(SHSA) Create impact! Handbook on sustainable entrepreneurship: http://ebookbrowse.com/create-impact-se-handbook-pdf-d359468621 Impact can be defined in different ways, but in this context, we defined impact as "factors for change" in your lifestyle Value added Impacts can be: internal or external
intentional or unintentional
permanent or temporal
positive or negative A product or service has value added, when the production of them create extra value to consumers without causing additional environmental or social impacts What is impact assessment? Impact assessment is about sustainable change. This is change that comes about as a result of business ideas, projects or programm activities It involves understanding the nature of the change that has taken place (in your business) and to determine its significance (impacts) in people, planet and profit Identify your impacts Reviewing your impacts Energy generation Use of resources Collaborative transport:
Car sharing Consumers as producer:
Local farming Urban planing to decrease mobility needs Human-centered city design Affordable housing solutions Eco-housing Collaborative consumption:
Swopping services New culture habits (e.g. swopping) New leisure possibilities (e.g. sustainable consumption catwalk) And why is it relevant to entrepreneurs.... By assessing impacts, entrepreneurs can not only identify and magnify (and later on scale-up) the positive impacts on hotspots, but also reduce the negative ones More info on scaling-up will be presented in the blue ring, "4. Scale-up impacts" Lack of skills and training to assess triple bottom line impacts There are many methodologies available and entrepreneurs may not know which one they have to apply Information to measure the impacts are not available and/or it is difficult to understand and to implement Other approaches Lack of financial framework which supports the development of sustainable and innovative products and services. Challenges in communicating green ideas as individuals and green reporting as a Business Challenges in behavioral adaptation Use of resources ... make profits over the LONG TERM without causing environmental damage.
... provide a competitive ADVANTAGE by aligning PROFIT PEOPLE and PLANET (environmental objectives) Disruptive Business Model Societal
Business Model Multi-
Product & Service Business Model For entrepreneurs to support sustainability living...... for developing a sustainability driven business model supporting sustainable living Value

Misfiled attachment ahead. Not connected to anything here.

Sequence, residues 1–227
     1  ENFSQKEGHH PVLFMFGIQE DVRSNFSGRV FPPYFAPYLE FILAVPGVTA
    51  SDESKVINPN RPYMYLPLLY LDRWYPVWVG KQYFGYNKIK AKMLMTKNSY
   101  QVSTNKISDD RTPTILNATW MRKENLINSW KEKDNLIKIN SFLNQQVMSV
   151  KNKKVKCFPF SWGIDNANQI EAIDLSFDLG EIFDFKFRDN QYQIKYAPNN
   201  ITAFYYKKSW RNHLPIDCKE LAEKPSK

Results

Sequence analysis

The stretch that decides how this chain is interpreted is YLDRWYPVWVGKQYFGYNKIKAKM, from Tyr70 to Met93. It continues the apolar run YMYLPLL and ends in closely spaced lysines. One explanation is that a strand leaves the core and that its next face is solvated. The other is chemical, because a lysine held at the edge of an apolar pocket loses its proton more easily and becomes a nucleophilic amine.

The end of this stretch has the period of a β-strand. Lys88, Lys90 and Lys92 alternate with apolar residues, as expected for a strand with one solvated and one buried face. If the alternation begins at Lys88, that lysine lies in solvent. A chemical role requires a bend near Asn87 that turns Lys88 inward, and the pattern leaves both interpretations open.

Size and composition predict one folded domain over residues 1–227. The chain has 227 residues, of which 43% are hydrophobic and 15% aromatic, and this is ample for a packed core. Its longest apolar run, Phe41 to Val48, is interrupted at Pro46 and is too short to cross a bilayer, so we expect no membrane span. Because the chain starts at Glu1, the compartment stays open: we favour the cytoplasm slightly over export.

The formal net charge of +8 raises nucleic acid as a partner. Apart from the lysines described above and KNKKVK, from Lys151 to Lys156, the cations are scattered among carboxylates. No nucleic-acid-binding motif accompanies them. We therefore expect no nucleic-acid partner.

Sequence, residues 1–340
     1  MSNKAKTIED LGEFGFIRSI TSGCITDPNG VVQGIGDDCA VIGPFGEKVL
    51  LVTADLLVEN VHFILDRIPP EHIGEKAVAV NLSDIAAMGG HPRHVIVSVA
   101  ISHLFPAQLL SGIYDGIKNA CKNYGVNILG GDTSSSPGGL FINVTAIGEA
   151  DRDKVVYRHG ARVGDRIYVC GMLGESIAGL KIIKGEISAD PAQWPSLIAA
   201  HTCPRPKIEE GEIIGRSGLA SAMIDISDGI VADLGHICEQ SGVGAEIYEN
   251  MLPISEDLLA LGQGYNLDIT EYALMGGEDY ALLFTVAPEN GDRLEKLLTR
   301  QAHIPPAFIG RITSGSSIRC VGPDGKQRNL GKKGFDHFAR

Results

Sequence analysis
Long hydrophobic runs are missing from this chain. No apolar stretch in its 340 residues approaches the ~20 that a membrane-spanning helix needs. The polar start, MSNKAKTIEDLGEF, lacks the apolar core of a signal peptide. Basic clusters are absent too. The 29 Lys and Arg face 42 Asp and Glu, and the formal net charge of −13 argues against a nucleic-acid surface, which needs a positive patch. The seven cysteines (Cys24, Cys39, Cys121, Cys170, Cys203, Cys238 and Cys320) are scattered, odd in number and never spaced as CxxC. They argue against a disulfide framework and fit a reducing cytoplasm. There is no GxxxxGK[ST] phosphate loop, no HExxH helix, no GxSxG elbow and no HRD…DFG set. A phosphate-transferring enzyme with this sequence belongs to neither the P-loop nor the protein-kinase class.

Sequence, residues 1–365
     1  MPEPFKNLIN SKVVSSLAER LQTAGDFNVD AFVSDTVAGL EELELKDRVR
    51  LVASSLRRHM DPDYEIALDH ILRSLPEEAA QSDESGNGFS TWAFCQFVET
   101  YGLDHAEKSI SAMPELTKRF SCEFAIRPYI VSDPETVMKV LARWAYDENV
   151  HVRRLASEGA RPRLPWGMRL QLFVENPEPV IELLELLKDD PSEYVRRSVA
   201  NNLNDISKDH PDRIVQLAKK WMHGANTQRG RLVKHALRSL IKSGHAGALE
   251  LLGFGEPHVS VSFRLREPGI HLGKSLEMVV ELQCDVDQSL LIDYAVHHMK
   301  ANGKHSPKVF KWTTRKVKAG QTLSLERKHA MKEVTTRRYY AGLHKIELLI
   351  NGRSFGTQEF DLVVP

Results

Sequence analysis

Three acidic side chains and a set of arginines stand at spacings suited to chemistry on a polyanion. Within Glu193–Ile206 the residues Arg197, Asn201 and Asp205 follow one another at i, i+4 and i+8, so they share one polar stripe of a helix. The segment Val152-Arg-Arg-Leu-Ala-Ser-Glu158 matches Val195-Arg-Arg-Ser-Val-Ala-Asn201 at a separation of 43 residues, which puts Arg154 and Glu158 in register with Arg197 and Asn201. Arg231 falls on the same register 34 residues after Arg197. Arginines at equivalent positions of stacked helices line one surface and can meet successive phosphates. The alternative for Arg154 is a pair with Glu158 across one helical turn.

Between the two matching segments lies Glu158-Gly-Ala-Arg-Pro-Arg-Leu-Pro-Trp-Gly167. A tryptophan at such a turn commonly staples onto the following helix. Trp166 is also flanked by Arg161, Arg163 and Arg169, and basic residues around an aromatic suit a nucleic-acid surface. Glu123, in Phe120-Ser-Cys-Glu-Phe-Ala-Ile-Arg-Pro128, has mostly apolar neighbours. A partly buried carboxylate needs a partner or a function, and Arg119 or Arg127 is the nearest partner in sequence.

scale-up Organizational scale-up Project & program scale-up Assessments are commonly seen as an extra effort for entrepreneurs while starting-up a business idea Thresholds (baselines) and methodologies are difficult to establish and therefore to measure The Spider Web helps to quickly evaluate your products, services or business ideas against an former/other version and to uncover areas of improvement for people, planet and profit. This tool represents graphically the trade-offs between the selected hotspots and the assigned qualitative scale of relevance. This ensures that every aspect of "people, planet, profit" is taken into account. In this canvas profit is not the only key factor. The business model canvas has been customized slightly to integrate the triple bottom line (People, Profit, Planet) and sustainable development. Puma engaged PWC and True Cost to develop a methodology to measure environmental impacts in the life cycle of PUMA’s conventional Suede sneakers versus a pair of PUMA’s soon-to-be-launched biodegradable InCycle Basket sneakers.
The analysis takes account of the environmental impacts caused by greenhouse gas (GHG) emissions, waste and air pollution, as well as the use of natural resources such as water and land along the entire value chain, from the generation of raw materials and production processes to the consumer phase where the product is used, washed, dried, ironed and ultimately discarded.
You can find more details about this in our further reading section The PUMA Product Environmental Profit and Loss (EP&L) Puma´s environmental profit and loss account for the year ended 31 December 2010: http://about.puma.com/wp-content/themes/aboutPUMA_theme/financial-report/pdf/EPL080212final.pdf This tool aims to identify key issues of analyzed categories such as resource use, ecological and social challenges along the value chain in a quick, reliable and life-cycle-phase-specific way